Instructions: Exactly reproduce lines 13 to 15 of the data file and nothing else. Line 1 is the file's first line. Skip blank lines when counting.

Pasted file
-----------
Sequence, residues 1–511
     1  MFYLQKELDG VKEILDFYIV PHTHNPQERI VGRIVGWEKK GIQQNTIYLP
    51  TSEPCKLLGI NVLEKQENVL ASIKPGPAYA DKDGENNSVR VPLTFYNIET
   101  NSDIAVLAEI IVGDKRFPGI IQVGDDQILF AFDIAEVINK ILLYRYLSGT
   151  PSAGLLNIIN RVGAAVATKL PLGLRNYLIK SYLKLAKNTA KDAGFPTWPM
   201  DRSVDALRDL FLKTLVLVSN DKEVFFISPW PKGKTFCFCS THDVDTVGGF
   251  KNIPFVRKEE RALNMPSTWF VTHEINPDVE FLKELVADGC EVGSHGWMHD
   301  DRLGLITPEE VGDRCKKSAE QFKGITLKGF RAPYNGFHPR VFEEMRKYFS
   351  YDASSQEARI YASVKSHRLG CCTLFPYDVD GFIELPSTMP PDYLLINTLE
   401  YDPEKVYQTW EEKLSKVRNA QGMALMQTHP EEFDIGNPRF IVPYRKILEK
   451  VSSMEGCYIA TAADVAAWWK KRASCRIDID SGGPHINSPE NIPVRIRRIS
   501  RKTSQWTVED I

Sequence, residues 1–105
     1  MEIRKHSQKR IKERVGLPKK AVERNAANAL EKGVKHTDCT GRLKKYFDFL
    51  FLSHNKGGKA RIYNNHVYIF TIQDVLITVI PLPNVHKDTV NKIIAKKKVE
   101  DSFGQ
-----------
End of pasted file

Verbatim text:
Sequence, residues 1–105
     1  MEIRKHSQKR IKERVGLPKK AVERNAANAL EKGVKHTDCT GRLKKYFDFL
    51  FLSHNKGGKA RIYNNHVYIF TIQDVLITVI PLPNVHKDTV NKIIAKKKVE